If you reached this page while looking for a general-purpose Levenberg-Marquardt C/C++ implementation, please have a look at sparseLM and levmar, which are respectively aimed at problems with sparse and dense Jacobians.

# Introduction

This site concerns `sba`, a C/C++ package for generic sparse bundle adjustment that is distributed
under the GNU General Public License (GPL).
Bundle Adjustment (BA) is almost invariably
used as the last step of every feature-based multiple view
reconstruction vision algorithm to obtain optimal 3D structure and motion (i.e. camera matrix)
parameter estimates. Provided with initial estimates, BA simultaneously refines motion and structure
by minimizing the reprojection error between the observed and predicted image points. The minimization
is typically carried out with the aid of the Levenberg-Marquardt
(LM) algorithm. However, due to the large number of unknowns contributing to the minimized reprojection error,
a general purpose implementation of the LM algorithm (such as MINPACK's
`lmder`) incurs high computational costs when applied to the minimization problem defined in the context of BA.

Fortunately, the lack of interaction among parameters for different 3D points and cameras results in the underlying
normal equations exhibiting a sparse block structure (click here for an example).
`sba` exploits this sparseness by employing a tailored sparse variant of the LM algorithm that leads to
considerable computational gains. `sba` is generic in the sense that it grants the user full control over
the definition of the parameters describing cameras and 3D structure. Therefore, it can support virtually any
manifestation/parameterization of the multiple view reconstruction problem such as arbitrary projective cameras,
partially or fully intrinsically calibrated cameras, exterior orientation (i.e. pose) estimation from fixed 3D
points, refinement of intrinsic parameters, etc. All the user has to do to adapt `sba` to any such problem
is to supply it with appropriate routines for computing the estimated image projections and their Jacobian for the
problem and parameterization at hand. Routines for computing analytic Jacobians can be either coded by hand, generated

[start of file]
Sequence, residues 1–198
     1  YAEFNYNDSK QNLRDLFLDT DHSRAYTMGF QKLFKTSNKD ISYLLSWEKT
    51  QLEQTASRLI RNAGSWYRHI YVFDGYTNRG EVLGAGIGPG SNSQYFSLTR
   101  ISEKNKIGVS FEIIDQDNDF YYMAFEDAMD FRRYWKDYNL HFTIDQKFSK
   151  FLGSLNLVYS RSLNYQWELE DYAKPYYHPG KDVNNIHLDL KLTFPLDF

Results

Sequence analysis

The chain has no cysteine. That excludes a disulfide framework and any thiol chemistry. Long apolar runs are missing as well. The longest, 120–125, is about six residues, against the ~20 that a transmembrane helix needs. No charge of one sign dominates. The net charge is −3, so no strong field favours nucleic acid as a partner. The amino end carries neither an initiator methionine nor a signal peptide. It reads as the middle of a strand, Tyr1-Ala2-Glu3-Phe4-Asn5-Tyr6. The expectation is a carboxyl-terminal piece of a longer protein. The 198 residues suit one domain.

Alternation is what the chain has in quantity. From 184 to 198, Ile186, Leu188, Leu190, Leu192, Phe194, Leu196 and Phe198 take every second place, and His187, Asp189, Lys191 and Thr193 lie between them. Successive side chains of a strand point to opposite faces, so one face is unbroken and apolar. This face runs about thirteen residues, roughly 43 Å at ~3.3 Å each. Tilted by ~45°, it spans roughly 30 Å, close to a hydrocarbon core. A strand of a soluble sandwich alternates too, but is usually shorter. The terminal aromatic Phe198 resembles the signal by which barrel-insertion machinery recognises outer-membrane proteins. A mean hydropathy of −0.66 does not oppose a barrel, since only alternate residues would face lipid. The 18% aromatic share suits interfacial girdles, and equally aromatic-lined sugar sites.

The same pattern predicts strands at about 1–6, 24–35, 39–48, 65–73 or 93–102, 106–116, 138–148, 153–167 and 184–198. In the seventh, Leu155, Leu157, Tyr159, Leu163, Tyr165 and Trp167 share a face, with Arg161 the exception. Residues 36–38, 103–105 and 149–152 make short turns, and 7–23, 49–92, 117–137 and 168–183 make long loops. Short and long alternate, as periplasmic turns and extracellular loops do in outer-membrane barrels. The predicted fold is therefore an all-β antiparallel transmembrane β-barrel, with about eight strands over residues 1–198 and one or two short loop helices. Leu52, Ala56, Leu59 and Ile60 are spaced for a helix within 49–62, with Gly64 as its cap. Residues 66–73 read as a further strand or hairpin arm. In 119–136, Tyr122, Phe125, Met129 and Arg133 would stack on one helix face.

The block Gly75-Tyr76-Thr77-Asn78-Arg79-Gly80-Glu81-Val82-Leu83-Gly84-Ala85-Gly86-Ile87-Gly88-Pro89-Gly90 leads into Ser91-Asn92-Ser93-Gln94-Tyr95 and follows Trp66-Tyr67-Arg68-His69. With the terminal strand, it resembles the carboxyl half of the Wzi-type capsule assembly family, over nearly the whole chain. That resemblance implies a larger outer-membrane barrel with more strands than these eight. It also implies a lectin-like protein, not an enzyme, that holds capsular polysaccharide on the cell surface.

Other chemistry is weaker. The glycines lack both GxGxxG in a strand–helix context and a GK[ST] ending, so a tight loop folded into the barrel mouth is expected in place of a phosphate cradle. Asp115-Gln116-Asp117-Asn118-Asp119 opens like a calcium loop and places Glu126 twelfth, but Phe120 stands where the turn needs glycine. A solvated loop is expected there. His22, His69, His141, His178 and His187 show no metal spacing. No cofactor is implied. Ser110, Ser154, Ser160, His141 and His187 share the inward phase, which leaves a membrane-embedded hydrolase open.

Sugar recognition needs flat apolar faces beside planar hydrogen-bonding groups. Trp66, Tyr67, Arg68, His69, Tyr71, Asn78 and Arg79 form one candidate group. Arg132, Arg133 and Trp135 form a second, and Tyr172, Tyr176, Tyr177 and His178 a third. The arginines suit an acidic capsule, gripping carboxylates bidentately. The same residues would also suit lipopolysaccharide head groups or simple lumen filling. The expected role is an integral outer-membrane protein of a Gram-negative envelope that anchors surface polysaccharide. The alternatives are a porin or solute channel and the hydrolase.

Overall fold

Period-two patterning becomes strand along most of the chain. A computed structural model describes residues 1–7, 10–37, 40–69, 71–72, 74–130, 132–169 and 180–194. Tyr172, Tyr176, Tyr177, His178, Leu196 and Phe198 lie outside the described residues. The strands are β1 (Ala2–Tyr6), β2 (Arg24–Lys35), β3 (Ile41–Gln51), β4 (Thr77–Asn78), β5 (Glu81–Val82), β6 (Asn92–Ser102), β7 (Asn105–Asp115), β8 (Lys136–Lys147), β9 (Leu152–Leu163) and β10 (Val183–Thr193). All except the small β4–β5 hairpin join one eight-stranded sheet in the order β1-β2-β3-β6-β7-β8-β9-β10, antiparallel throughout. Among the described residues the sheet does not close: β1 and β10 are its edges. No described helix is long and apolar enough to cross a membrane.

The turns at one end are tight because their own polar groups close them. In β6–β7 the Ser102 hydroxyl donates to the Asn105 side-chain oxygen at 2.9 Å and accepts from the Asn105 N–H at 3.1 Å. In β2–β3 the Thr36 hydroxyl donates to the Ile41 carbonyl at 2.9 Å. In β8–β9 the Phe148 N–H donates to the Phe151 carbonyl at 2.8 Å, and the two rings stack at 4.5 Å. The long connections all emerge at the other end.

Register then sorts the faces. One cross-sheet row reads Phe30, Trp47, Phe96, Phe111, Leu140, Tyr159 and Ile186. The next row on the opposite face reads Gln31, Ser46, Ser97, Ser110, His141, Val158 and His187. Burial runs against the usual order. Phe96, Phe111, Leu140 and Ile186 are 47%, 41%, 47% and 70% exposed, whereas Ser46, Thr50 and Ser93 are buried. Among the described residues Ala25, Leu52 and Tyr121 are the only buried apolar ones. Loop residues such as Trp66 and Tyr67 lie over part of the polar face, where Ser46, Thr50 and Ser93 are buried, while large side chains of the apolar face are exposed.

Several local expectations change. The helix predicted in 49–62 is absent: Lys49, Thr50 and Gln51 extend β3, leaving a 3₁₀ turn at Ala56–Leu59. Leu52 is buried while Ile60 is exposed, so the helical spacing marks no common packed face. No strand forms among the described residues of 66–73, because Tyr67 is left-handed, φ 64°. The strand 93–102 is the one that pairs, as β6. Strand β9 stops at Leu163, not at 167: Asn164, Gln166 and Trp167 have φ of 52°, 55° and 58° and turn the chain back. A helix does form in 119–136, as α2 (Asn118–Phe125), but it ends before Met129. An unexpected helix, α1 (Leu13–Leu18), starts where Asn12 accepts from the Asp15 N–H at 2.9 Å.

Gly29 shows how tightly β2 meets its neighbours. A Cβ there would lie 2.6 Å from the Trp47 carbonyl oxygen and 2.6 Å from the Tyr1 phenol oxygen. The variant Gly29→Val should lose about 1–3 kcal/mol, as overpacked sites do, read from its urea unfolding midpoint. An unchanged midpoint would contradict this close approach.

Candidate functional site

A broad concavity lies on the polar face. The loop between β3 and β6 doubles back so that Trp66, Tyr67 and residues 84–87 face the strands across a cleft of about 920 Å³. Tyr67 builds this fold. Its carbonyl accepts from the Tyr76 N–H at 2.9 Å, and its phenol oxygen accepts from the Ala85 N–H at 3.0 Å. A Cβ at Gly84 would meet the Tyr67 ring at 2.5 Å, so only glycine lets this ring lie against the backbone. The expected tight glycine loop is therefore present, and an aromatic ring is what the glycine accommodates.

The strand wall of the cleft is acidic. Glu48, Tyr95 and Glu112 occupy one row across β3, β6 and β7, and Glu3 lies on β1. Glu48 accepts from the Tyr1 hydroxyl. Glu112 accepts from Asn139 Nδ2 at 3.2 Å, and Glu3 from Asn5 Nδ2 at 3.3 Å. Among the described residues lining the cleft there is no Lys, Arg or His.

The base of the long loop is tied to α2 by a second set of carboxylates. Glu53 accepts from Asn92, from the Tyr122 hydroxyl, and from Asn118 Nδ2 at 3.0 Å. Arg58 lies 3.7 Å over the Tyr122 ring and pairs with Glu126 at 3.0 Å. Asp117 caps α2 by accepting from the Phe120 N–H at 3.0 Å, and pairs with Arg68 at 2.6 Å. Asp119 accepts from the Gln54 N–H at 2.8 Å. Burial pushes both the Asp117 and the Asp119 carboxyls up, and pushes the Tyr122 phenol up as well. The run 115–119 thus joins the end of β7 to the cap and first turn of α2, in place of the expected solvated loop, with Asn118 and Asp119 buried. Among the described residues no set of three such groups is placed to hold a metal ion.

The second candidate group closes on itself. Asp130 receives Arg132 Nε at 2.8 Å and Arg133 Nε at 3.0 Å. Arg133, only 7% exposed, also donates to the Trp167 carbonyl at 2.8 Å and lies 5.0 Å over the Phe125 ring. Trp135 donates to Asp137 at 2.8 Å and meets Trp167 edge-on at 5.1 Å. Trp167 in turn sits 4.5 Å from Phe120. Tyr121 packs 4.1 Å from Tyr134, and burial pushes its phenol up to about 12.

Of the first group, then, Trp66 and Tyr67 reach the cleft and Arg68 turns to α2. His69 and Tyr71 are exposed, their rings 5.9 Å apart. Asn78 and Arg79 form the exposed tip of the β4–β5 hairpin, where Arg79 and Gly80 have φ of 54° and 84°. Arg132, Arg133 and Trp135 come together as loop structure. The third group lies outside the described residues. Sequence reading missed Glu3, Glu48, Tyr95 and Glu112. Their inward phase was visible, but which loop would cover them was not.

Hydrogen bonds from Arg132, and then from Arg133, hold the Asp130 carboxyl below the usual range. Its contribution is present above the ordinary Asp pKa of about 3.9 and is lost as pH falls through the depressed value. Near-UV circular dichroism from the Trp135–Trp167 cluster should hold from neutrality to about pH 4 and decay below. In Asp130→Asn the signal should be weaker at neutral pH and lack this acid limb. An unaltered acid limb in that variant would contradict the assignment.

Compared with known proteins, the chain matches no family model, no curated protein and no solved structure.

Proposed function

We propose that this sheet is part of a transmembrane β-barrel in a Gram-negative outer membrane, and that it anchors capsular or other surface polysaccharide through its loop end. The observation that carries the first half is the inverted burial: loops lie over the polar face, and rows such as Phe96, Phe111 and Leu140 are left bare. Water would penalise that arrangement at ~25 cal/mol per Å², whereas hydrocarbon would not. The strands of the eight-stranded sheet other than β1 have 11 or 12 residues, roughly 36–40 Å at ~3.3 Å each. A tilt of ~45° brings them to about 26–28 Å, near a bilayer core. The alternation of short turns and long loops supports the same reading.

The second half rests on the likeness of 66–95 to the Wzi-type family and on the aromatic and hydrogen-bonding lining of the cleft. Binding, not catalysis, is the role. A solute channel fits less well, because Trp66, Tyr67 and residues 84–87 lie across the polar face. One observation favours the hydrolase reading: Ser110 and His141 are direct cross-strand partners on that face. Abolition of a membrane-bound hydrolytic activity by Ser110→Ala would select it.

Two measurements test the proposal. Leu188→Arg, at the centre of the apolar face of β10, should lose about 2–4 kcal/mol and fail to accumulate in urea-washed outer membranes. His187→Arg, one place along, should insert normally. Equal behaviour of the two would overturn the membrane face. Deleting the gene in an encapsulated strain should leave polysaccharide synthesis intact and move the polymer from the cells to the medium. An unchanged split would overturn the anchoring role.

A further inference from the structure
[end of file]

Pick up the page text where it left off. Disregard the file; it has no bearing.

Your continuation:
with a tool supporting symbolic differentiation (e.g. maple), or obtained
using automatic differentiation techniques. There is also the alternative
of approximating Jacobians with the aid of finite differences. Additionally, `sba` includes routines for
checking the consistency of user-supplied Jacobians. To the best of our knowledge, `sba` is the first
and currently the only software package of its kind to be released as free software.

# Overview

`sba` has been implemented with special emphasis on flexibility and performance efficiency.
It is, in essence, a specialized LM variant that is tailored to fit the “arrowhead”
type of sparseness commonly encountered in SfM problems. To achieve this, `sba` employs a
scheme that partitions the normal matrix into distinct camera and structure blocks and solves the (sparse)
normal equations by employing the sparse Schur
complement of the points submatrix. By adopting this scheme, `sba` can effectively deal with very
large reconstruction problems. Further details regarding the theory behind `sba` can be found
in the documentation.

As an indication of its efficiency, it is noted here that one of the moderately-sized test problems to
which `sba` has been applied involved **54** cameras and **5207** 3D points that gave rise
to **24609** image projections. The corresponding minimization problem depended on **15999** variables
and was solved by `sba` in about 7 sec using unoptimized BLAS on an Intel P4@1.8 GHz running Linux.
Without a sparse implementation of BA, a problem of this size would simply be intractable.

`sba` relies on LAPACK for all linear algebra operations
arising in the course of the LM algorithm. If LAPACK (or an equivalent vendor optimized library such as